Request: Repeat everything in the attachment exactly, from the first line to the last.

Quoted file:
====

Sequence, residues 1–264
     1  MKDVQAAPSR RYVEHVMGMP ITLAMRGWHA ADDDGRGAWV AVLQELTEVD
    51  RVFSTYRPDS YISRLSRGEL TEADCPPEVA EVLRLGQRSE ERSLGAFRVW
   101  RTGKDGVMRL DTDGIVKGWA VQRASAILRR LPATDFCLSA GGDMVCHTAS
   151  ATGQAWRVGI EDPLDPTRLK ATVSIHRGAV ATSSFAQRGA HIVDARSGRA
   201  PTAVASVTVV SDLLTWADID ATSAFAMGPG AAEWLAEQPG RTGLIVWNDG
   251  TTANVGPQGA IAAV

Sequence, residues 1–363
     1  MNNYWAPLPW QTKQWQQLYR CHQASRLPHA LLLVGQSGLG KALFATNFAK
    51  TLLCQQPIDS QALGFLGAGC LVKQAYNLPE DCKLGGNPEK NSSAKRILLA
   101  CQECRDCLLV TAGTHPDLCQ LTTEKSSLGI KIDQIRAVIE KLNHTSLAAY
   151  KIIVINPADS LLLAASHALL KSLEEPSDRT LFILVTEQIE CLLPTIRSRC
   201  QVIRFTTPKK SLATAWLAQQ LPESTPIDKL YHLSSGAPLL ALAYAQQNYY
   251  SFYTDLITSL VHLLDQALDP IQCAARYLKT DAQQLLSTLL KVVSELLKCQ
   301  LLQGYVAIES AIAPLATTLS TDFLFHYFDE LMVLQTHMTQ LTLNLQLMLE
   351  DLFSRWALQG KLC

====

Sequence, residues 1–264
     1  MKDVQAAPSR RYVEHVMGMP ITLAMRGWHA ADDDGRGAWV AVLQELTEVD
    51  RVFSTYRPDS YISRLSRGEL TEADCPPEVA EVLRLGQRSE ERSLGAFRVW
   101  RTGKDGVMRL DTDGIVKGWA VQRASAILRR LPATDFCLSA GGDMVCHTAS
   151  ATGQAWRVGI EDPLDPTRLK ATVSIHRGAV ATSSFAQRGA HIVDARSGRA
   201  PTAVASVTVV SDLLTWADID ATSAFAMGPG AAEWLAEQPG RTGLIVWNDG
   251  TTANVGPQGA IAAV

Sequence, residues 1–363
     1  MNNYWAPLPW QTKQWQQLYR CHQASRLPHA LLLVGQSGLG KALFATNFAK
    51  TLLCQQPIDS QALGFLGAGC LVKQAYNLPE DCKLGGNPEK NSSAKRILLA
   101  CQECRDCLLV TAGTHPDLCQ LTTEKSSLGI KIDQIRAVIE KLNHTSLAAY
   151  KIIVINPADS LLLAASHALL KSLEEPSDRT LFILVTEQIE CLLPTIRSRC
   201  QVIRFTTPKK SLATAWLAQQ LPESTPIDKL YHLSSGAPLL ALAYAQQNYY
   251  SFYTDLITSL VHLLDQALDP IQCAARYLKT DAQQLLSTLL KVVSELLKCQ
   301  LLQGYVAIES AIAPLATTLS TDFLFHYFDE LMVLQTHMTQ LTLNLQLMLE
   351  DLFSRWALQG KLC